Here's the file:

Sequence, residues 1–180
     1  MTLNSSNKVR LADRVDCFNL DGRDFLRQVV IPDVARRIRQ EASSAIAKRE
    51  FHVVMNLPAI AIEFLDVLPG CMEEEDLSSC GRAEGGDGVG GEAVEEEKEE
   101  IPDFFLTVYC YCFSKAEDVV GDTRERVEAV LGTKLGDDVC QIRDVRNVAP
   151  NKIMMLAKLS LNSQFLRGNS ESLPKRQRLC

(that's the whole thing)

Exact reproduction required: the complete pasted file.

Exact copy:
Sequence, residues 1–180
     1  MTLNSSNKVR LADRVDCFNL DGRDFLRQVV IPDVARRIRQ EASSAIAKRE
    51  FHVVMNLPAI AIEFLDVLPG CMEEEDLSSC GRAEGGDGVG GEAVEEEKEE
   101  IPDFFLTVYC YCFSKAEDVV GDTRERVEAV LGTKLGDDVC QIRDVRNVAP
   151  NKIMMLAKLS LNSQFLRGNS ESLPKRQRLC